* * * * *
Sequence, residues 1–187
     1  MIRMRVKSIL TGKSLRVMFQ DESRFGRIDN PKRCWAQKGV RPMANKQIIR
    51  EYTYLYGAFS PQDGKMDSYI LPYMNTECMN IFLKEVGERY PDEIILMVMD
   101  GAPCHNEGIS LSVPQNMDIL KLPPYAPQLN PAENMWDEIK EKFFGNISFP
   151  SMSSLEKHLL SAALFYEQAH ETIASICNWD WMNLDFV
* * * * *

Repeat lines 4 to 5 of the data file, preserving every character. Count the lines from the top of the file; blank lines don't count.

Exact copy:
   101  GAPCHNEGIS LSVPQNMDIL KLPPYAPQLN PAENMWDEIK EKFFGNISFP
   151  SMSSLEKHLL SAALFYEQAH ETIASICNWD WMNLDFV